Inpainting

I hardly ever use straight pigments for inpainting.


Cadmium orange is one of the most useful colors for inpainting photographs. Most natural materials yellow over time, a little cadmium orange goes a long way to provide some of these tones in "straight" pigments, like ivory black and titanium white. How white is white? Not very usually.


My favorite watercolors are Golden Qor Colors. Why I like them -

  • Excellent ageing properties

  • Transparency about formulation, properties, lightfastness

  • Solubility!

The resin used to create these colors is Aquazol® (water soluble polyoxazoline compounds), not the traditional gum arabic. Why is that important? Aquazol remains soluble in water and ethanol. In contrast, gum arabic is only soluble in water, and becomes slightly less soluble over time. For interventions - such as inpainting, where pigments are added to an artwork in an area of loss - solubility is important.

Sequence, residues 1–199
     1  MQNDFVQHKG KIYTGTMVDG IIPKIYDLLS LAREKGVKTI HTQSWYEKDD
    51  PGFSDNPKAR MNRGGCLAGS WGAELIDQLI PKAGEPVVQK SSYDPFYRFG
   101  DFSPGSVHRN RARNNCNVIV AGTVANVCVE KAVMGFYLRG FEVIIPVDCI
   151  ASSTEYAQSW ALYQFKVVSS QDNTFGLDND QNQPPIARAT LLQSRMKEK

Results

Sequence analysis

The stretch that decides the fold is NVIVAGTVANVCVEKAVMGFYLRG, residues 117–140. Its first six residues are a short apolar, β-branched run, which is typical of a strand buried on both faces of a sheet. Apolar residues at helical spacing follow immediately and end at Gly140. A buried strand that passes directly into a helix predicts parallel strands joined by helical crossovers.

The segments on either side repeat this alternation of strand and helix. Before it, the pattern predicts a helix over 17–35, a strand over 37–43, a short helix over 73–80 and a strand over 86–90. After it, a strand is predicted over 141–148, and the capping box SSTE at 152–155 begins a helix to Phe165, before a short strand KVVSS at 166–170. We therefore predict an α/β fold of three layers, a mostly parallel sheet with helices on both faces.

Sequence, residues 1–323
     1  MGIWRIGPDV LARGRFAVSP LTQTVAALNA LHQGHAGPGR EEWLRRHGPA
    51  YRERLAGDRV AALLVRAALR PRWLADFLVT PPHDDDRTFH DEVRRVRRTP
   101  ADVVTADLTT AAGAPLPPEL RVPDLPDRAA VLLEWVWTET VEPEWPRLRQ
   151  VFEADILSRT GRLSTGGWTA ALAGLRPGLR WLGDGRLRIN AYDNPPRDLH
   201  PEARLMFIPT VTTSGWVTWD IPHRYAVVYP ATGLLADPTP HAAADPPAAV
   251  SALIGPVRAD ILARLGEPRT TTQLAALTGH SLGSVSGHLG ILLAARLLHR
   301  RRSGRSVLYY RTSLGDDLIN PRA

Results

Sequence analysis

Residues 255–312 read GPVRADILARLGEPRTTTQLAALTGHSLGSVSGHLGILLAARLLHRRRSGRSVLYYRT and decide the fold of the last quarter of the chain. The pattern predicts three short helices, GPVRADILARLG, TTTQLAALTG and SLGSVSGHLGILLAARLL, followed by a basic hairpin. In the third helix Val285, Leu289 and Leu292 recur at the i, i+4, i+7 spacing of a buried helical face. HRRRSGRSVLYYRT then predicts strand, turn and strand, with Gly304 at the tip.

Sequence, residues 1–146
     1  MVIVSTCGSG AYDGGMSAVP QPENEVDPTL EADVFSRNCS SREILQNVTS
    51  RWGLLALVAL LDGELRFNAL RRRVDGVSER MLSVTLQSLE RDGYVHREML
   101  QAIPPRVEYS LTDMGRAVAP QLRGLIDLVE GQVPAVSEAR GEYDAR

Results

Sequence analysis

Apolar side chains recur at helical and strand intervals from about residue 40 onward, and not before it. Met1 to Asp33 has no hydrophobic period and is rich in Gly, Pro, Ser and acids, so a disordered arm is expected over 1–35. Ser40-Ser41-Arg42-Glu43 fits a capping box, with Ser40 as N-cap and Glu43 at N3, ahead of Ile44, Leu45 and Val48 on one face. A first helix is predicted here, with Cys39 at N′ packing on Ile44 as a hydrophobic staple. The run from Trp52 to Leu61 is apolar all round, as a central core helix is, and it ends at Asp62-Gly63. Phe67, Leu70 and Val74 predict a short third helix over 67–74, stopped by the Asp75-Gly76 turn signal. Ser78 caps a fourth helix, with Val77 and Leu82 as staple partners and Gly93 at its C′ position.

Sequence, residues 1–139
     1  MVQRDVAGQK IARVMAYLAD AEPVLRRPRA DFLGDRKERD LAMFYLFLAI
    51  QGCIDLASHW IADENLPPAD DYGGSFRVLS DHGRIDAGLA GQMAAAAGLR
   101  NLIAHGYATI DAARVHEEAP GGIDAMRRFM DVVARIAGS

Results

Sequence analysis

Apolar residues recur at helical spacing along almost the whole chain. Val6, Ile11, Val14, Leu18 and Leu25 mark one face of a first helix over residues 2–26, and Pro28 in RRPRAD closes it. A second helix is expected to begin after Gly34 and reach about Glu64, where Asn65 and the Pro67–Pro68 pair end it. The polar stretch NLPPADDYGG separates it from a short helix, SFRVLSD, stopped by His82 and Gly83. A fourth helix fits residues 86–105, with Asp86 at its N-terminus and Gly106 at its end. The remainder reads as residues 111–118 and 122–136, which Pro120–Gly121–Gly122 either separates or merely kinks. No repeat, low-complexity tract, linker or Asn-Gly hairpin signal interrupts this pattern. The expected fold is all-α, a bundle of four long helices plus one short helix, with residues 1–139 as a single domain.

Conservation ethics require that anything that is added can easily be removed. In other words, it is reversible. So generally, the more options for solvents, the better. This is one reason that the field has moved toward synthetic varnishes and adhesives, and away from natural resins.


Water is a great solvent (and non-toxic too!) but sometimes you need other options. Gelatin and paper layers on photographs, and most organic materials, will swell with water. Ethanol, on the other hand, does not cause the same response, allowing removal or adjustment without swelling the underlying layers. It really feels magical sometimes.

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